Wednesday, March 30, 2011

THE PEACEMAKER...The History of the Colt .45 and Samuel Colt's Revolvers

By: Ashley Kath-Bilsky

"The good people in this world are very far from being satisfied with each other and my arms are the best peacemaker." ~ Samuel Colt (1852)

Ironically, when Samuel Colt said those words almost 160 years ago, the Colt .45 Single Action Army (SAA) revolving cylinder handgun, made famous on the American frontier and the Old West as the Peacemaker, had not yet been invented. Still, he was well on his way to revolutionizing gun manufacturing in the United States.

Born in Hartford, Connecticut on 19 July 1814, Samuel Colt was only 11 years old when he became indentured to a farm in Glastonbury, Connecticut. However, he was also given the opportunity to attend school which challenged his imagination. In particular, one book at school not only fascinated him, but put Samuel Colt on the path toward his destiny. While reading The Compendium of Knowledge, a scientific encyclopedia, young Sam learned about inventors, including Robert Fulton, and gunpowder. But it wasn’t until he went to sea in 1832 that Sam first conceived the revolver. During his first voyage, Sam observed that no matter which way the ship’s wheel was turned, its spokes always came in direct contact with a clutch that could be set to hold it. And so it was that a ship’s wheel inspired Samuel Colt to design a pistol with a revolving cylinder that would contain several bullets yet be fired through a single barrel. By the time that sea voyage ended, he'd carved the prototype for his revolver out of wood.

In 1835, Colt patented his innovative five-shot revolver. A year later, he founded his Patent Arms Manufacturing Company in Paterson, New Jersey. Among his first customers was John Coffee Hays of the Texas Rangers, who not only purchased Colt’s revolvers for himself but his men.


[Pictured: Colt Texas Paterson, 40 cal. - 1836. Drawing courtesy of Colt's patent Fire Arms Mfg.,*Colt's Pat. Firearms. Mfg. Co., Hartford.]


[Pictured: 1839 Colt Texas Paterson Revolver, .36 Caliber – A 5-shot, Muzzle loaded revolver. Photo Credit: West Point Military Museum]

Sales for the Colt Texas Paterson were slow, however, and in 1842 the factory closed. During his brief departure from gun design and manufacturing, the visionary Samuel Colt worked on his concept for an underwater explosive that operated by remote control. He also developed the first underwater telegraph cable. But I digress…

In 1847, Samuel Colt returned to gun manufacturing by designing a six-shot revolver. War with Mexico had begun in 1846 and former Texas Ranger and US Army Captain Samuel Hamilton Walker wanted a new, more powerful revolver. He met with Colt and the Model 1847, named the Walker became the largest handgun manufactured by Colt’s company. As Sam Colt remarked, “It would take a Texan to shoot it.”



[Pictured: 1847 Colt Walker]

Approximately 1,000 Walker revolvers were purchased by the United States Army as the weapon of choice to be used during the Mexican War. The Walker became popular with the Texas Rangers and was also used during the Civil War. Weighing over 4 pounds unloaded, the Colt 1847 Walker was a .44 caliber black powder, cap and ball revolver. It had a 9-inch barrel and would remain the most powerful, heaviest handgun in the world until the .357 magnum was manufactured in 1935.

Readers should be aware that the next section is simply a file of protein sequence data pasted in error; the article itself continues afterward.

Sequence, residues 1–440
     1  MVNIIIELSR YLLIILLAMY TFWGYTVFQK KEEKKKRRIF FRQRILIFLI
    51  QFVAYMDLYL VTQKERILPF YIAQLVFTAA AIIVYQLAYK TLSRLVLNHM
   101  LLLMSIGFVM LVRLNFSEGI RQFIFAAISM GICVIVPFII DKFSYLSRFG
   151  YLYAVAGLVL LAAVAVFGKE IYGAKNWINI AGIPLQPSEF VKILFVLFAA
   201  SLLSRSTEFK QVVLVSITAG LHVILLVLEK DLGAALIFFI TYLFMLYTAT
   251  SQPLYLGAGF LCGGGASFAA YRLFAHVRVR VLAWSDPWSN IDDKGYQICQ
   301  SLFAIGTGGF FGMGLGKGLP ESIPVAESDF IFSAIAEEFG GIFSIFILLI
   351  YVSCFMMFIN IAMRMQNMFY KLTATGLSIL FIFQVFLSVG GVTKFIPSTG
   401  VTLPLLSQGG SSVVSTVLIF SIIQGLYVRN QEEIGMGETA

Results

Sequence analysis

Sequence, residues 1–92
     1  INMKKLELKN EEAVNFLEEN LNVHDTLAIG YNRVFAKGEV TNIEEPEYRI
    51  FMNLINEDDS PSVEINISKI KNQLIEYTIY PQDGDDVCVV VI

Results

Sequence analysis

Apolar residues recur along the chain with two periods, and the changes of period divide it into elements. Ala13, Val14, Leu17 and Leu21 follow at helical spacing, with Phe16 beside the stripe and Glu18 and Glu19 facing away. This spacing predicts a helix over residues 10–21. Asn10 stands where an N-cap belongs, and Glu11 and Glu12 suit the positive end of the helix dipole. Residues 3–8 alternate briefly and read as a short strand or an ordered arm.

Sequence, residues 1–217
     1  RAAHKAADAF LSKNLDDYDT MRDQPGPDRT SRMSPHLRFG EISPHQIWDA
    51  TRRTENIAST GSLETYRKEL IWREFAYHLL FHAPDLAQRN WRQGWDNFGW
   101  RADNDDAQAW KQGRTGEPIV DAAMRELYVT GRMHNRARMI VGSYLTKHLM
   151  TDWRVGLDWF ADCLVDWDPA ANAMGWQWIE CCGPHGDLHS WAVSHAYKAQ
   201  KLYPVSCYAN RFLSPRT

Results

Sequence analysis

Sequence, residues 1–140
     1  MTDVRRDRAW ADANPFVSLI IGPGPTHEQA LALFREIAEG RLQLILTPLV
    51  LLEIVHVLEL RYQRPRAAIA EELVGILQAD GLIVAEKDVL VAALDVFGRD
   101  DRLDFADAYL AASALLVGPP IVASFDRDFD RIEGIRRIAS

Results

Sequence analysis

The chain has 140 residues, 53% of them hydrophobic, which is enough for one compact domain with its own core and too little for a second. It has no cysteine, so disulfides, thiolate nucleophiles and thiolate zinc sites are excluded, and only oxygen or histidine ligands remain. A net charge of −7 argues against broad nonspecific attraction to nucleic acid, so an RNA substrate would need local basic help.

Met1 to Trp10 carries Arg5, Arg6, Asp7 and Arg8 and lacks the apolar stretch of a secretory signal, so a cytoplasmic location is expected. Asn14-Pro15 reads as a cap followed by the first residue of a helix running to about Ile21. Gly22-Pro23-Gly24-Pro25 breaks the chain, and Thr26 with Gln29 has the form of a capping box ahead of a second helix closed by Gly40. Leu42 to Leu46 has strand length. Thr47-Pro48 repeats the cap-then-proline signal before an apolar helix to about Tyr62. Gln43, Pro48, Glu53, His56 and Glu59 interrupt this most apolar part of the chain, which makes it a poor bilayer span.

His contract with the government for the Walker allowed Samuel Colt to build a new factory in Hartford, making him the largest private arms manufacturing company in the world. A variety of revolvers were produced, including the Third Model Dragoon.


[Pictured: 1853 Colt Third Model Dragoon Percussion Revolver; Designed and Manufactured by Samuel Colt; Decorated by Gustave Young, engraver; Made in America (Hartford, CT) Steel, brass, gold, and walnut; Photo Credit: The Metropolitan Museum of Art, New York]

The 1853 Colt Third Model Dragoon (pictured) was donated to The Metropolitan Museum of Art by George and Butonne Repaire in 1995, and is considered one of Colt’s finest guns, and one of a select few featuring gold-inlaid engraving. The gold inlay features a bust of George Washington on the cylinder. The arms of the United States are also featured on the frame. The mate to this particular pistol is housed at the Hermitage Museum in Saint Petersburg, and was a gift to Czar Nicholas I by Samuel Colt. The Metropolitan’s gun was presented by Colt to Sultan Abdulmecid I of Turkey.

Another popular handgun designed by Samuel Colt was the Colt 1851 Navy, a .36 caliber cap and ball revolver. Needless to say, weighing only 42 ounces, it was much lighter than the Walker Colt of 1847 (which had to be carried in a saddle holster). The 1851 Navy could be carried in a belt holster and was owned by such famous figures as Wild Bill Hickok, ‘Doc’ Holliday, and Robert E. Lee.

The Navy reference came about because the cylinder featured a scene from the victory of the 2nd Texas Navy at the Battle of Campeche in 1843. Sam Colt never forgot that Texas had purchased his first Colt Paterson revolver, so he designed the Colt 1851 Navy as a sign of appreciation and remembrance for Texas.


[Pictured: 1851 Colt Navy Revolver]
In 1861, the Colt Model Navy was manufactured. Like its predecessor, the 1861 was a cap and ball, .36 caliber six-shot revolver. However, it featured a ratchet loading lever and round barrel like the .44 caliber Army Model of 1860 but with a shorter barrel – at 7-1/2 inches. With a lighter recoil than the .44 Army 1860, the 1861 Navy was widely used during by the Cavalry during the American Civil War and on the western frontier.